Weakened Immunity? This Key Nutrient Can Help!

Zinc, vitamin C, echinachea—these are likely some of the first nutrients that come to mind when you think about supporting your immune health. But have you heard about Aged Garlic Extract (AGE)?

Garlic is one of the oldest cultivated plants on the planet and has been used by various cultures for thousands of years. It was worshipped by the ancient Egyptians, for example, and thought to ward off evil spirits and increase strength. Traditionally, garlic bulbs were prepared in a variety of ways for medicinal purposes. The juice of the bulb was extracted and taken internally, while the bulb was ground into a paste for external treatment. However, as a growing number of studies show, there’s significantly more to garlic’s health benefits–and aging is the key. Aging the garlic increases the garlic’s antioxidant potential, and converts harsh and unstable organosulfer compounds into the odorless, non-irritating, and bioavailable compounds which are responsible for AGE’s numerous health benefits.

A study conducted by the University of Florida found that high-potency AGE can reduce the duration of the common cold or bout with the flu by as much as 61 percent.3  During this clinical trial, researchers gave 120 healthy adults a daily dose of either 2,500 mg of Kyolic AGE or a placebo. After 90 days, blood samples from each volunteer were analyzed. Compared to the placebo group, those taking the AGE supplement had a significant increase in the number of immune cells. What’s more, the supplement appeared to enhance the function of two specific types of immune cells: NK (natural killer) cells and gamma delta T cells.

One reason for this uptick in immune function, according to the authors of the study, is the glutathione-boosting ability of the sulfur-containing compounds naturally present in AGE. Other research suggests  that glutathione enhances the immune response by optimizing macrophage function while protecting disease-fighting lymphocytes from oxidative damage and premature cell death.4,5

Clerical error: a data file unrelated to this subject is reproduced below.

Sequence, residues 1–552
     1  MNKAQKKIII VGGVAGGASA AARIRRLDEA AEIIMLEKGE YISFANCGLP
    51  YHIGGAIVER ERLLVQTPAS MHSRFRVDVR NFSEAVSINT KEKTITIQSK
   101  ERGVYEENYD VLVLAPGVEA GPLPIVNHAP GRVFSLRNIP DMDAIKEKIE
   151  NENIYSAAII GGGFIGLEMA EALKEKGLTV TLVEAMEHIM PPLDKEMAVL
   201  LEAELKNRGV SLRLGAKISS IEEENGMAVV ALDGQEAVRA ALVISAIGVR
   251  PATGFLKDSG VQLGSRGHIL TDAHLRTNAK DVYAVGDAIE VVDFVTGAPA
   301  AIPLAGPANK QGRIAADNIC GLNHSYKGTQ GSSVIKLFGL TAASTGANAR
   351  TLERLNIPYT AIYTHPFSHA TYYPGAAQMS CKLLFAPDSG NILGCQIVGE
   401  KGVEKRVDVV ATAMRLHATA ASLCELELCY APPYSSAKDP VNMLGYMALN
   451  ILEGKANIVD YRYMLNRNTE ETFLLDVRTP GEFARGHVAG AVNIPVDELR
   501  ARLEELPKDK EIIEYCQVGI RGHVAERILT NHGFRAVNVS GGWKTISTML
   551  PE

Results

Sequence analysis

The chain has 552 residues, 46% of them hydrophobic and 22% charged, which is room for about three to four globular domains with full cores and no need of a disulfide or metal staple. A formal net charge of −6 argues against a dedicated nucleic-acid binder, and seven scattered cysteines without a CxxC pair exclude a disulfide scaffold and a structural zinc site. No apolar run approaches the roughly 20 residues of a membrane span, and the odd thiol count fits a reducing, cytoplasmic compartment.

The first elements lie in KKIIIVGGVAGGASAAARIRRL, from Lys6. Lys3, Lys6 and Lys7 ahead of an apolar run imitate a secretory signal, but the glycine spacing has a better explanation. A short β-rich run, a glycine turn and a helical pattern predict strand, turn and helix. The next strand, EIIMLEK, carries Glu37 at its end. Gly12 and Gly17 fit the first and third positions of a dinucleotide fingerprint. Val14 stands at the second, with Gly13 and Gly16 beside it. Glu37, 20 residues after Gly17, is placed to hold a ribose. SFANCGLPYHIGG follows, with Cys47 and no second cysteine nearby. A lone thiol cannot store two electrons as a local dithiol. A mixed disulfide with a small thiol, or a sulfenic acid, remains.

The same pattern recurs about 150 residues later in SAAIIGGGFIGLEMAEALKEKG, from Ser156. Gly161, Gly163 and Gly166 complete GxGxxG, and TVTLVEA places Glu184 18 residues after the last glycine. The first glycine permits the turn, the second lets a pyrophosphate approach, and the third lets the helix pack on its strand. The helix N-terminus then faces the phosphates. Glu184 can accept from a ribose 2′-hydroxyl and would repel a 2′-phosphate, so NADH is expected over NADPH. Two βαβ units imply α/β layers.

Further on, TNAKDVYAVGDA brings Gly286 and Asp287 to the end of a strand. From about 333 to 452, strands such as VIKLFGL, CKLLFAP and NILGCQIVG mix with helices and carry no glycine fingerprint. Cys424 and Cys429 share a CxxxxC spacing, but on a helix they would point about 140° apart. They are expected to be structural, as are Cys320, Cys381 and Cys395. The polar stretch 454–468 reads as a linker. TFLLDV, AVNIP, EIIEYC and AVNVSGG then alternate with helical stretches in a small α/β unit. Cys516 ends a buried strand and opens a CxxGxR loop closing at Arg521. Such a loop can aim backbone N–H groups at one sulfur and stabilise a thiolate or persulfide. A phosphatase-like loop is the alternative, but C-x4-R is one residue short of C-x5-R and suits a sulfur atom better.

Your immune system is the key to good health so the more you can do to protect it, the better. It’s important to listen to your body to see if any of the warning signs above ring any bells. If they do, try to adopt some healthier habits and incorporate AGE into your daily routine for some additional immune support.


  1. Stress weakens the immune system. American Psychological Association. 2006;
  2. Wu H & Wu E. The role of gut microbiota in immune homeostasis and autoimmunity. Gut Microbes. 2012; 3(1): 4-14.
  3. Percival SS. Aged garlic extract modified human immunity. Journal of Nutrition. 2016;146(2):433S-436S.
  4. Yan J, Ralston MM, Meng X, et al. Glutathione reductase is essential for host defense against bacterial infection. Free Radical Biology & Medicine. 2013;61:320-332.
  5. Kwon DH, Lee H, Park C, et al. Glutathione induced immune-stimulatory activity by promoting M1-like macrophages polarization via potential ROS scavenging capacity. Antioxidants (Basel). 2019;8(9):413.